Generally, however, until the 19th century, naming practices continued as they had done for hundreds of years, with the same names being handed down from generation to generation. In the late 1700s, the names William, John and Thomas accounted for over half of all male baptisms; and Elizabeth, Mary and Anne accounted for over half of all female baptisms. However, in the 19th century, name-giving became much more fluid, with certain names enjoying popularity for only a limited time.
Harvard sociologist Stanley Lieberson believes that the explanation for this change lies in the Industrial Revolution. The revolution brought about a massive increase in the proportion of the population living in cities as people in the countryside flocked to them for work. This weakened the traditional influence of the extended family, and therefore the position of honour traditionally held by older people. As a result, given names associated with the elderly became less attractive to new parents. The Industrial Revolution also sped up the spread of literacy, and through their reading people came across a much wider variety of names – Dickens alone created 1,000 named characters.
19th-century engraving of the interior of an English factory during the Industrial Revolution. (Photo by Prisma/UIG/Getty Images)
A child’s garden of names?
So, Victorian parents began to choose new names for their children. For example, botanical names became very popular for girls, such as Daisy, Hazel, Holly, Ivy, Lily, Marigold, Poppy, Rose – and a bunch of others (pardon the pun). As with many fashions, the very popularity of botanical names eventually sowed the seeds of their downfall. However, recently the popularity of several botanical names has soared, as they have been re-discovered by a new generation of parents who see the names as fresh, modern and fashionable. There are no fewer than 12 botanical names in the current top 100 girls’ names, with Poppy, Lily and Daisy all in the top 20.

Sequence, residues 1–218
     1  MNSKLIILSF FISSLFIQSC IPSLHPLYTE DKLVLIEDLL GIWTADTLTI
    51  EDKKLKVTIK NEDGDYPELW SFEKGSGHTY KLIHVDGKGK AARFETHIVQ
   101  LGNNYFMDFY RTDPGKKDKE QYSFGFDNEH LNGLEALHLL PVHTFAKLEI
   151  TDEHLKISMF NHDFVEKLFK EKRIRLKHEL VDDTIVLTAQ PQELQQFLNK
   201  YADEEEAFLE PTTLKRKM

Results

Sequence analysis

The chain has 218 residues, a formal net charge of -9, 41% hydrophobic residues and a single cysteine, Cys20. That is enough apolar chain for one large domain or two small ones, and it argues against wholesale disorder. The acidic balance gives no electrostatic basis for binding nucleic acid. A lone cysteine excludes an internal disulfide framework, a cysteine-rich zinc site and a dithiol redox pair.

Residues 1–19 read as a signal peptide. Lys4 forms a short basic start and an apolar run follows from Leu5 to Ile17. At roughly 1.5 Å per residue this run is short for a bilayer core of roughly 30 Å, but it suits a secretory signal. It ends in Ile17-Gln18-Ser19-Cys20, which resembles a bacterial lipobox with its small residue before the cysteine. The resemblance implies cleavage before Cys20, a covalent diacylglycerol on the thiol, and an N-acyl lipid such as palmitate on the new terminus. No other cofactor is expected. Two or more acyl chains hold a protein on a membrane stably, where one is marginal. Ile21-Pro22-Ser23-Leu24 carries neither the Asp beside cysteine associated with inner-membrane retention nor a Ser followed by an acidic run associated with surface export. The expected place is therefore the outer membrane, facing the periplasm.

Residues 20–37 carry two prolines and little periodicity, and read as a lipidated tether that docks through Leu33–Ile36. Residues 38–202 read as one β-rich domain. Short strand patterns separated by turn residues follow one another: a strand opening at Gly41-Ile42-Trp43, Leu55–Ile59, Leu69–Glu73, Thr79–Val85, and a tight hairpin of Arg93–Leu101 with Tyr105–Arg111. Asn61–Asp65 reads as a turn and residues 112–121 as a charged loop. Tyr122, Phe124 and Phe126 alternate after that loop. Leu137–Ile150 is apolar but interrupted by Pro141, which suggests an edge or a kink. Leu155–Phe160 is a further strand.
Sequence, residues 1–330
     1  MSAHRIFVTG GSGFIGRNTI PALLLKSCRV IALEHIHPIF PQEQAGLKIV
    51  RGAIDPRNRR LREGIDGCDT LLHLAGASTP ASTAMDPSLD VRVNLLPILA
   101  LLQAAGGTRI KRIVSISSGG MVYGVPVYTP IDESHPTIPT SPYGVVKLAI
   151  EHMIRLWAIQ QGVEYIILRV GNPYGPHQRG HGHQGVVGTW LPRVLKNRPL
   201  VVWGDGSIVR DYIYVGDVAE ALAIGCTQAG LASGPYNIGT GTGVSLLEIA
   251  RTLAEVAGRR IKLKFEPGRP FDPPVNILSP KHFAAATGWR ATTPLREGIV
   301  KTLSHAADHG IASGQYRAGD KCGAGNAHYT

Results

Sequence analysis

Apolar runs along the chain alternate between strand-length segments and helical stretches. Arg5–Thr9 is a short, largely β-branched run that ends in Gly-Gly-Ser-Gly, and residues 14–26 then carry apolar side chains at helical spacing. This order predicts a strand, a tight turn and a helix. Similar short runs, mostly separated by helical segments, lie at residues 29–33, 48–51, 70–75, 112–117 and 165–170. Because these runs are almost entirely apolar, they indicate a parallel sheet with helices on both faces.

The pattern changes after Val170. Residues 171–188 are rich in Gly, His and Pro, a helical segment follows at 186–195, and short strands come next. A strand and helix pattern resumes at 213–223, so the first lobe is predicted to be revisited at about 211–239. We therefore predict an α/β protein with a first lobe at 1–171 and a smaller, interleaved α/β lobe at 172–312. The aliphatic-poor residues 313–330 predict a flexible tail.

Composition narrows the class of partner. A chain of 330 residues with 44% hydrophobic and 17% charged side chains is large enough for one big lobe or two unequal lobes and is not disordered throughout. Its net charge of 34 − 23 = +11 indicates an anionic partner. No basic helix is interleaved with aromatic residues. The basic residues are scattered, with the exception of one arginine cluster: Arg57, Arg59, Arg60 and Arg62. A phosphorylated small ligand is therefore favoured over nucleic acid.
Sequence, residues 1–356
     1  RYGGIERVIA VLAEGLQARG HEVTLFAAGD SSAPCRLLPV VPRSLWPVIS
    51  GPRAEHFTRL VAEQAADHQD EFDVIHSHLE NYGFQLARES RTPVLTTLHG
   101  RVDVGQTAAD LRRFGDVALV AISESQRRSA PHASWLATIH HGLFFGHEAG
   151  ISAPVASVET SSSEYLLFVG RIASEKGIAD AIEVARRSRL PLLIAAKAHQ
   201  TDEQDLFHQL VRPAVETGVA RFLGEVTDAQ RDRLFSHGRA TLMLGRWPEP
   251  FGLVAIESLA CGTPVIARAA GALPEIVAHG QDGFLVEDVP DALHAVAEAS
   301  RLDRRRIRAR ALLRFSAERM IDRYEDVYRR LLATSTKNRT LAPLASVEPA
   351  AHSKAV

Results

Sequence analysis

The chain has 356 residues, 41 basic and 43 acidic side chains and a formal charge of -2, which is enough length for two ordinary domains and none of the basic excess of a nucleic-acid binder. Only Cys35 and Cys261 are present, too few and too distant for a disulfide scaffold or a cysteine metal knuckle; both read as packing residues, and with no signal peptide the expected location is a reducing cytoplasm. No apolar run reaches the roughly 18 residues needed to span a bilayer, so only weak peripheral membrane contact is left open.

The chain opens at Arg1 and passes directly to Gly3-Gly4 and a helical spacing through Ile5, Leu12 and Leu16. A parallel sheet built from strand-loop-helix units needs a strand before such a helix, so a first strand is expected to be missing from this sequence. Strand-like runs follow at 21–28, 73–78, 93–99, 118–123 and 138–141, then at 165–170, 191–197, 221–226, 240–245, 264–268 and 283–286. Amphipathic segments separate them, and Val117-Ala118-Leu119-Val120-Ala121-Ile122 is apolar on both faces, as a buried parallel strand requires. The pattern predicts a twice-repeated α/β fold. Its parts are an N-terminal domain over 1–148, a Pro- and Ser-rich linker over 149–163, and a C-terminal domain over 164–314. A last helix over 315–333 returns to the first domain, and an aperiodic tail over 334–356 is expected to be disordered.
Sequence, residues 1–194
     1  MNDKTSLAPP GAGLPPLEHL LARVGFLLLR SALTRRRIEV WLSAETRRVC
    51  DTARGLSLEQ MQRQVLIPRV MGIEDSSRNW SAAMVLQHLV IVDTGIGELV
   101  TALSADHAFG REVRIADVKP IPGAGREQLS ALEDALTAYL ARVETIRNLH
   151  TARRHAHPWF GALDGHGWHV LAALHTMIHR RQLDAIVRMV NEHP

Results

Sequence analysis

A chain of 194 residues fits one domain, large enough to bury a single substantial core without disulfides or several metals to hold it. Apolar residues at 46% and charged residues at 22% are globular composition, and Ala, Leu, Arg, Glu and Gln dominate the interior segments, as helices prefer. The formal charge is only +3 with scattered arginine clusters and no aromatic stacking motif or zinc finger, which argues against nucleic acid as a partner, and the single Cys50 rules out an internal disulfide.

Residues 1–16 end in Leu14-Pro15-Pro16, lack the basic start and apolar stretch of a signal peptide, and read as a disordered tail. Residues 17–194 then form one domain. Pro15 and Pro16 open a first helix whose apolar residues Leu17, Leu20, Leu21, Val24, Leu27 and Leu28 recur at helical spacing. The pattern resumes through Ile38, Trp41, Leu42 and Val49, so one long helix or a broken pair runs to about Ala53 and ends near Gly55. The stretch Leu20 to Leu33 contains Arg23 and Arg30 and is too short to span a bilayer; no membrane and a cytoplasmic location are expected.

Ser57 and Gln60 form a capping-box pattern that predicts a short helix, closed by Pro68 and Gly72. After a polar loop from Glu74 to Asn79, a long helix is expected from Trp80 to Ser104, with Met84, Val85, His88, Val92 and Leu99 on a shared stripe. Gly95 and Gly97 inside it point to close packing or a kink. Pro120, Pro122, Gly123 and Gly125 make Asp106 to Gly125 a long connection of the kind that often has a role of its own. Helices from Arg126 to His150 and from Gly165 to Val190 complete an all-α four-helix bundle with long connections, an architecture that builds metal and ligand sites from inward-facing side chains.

Also in the 1800s, parents began to give their children names that commemorated a significant place. For example, Florence Nightingale (1820–1910) was named after the city of her birth, and Rudyard Kipling (1865–1936) was named after Rudyard Lake where his parents went courting. Charles Dickens’ Bleak House, published in the 1850s, includes Mr and Mrs Bagnet, whose children were named Quebec, Malta and Woolwich, from the military bases where Mr Bagnet had worked.
These days, baby name books often include a “place name” list. But because of the huge range of possibilities, individual geographical names rarely become very popular. However, one clear exception today is Isla, which comes from the Scottish island of Islay. It wasn’t in the top 100 a decade ago, but is currently the fourth most popular girls’ name.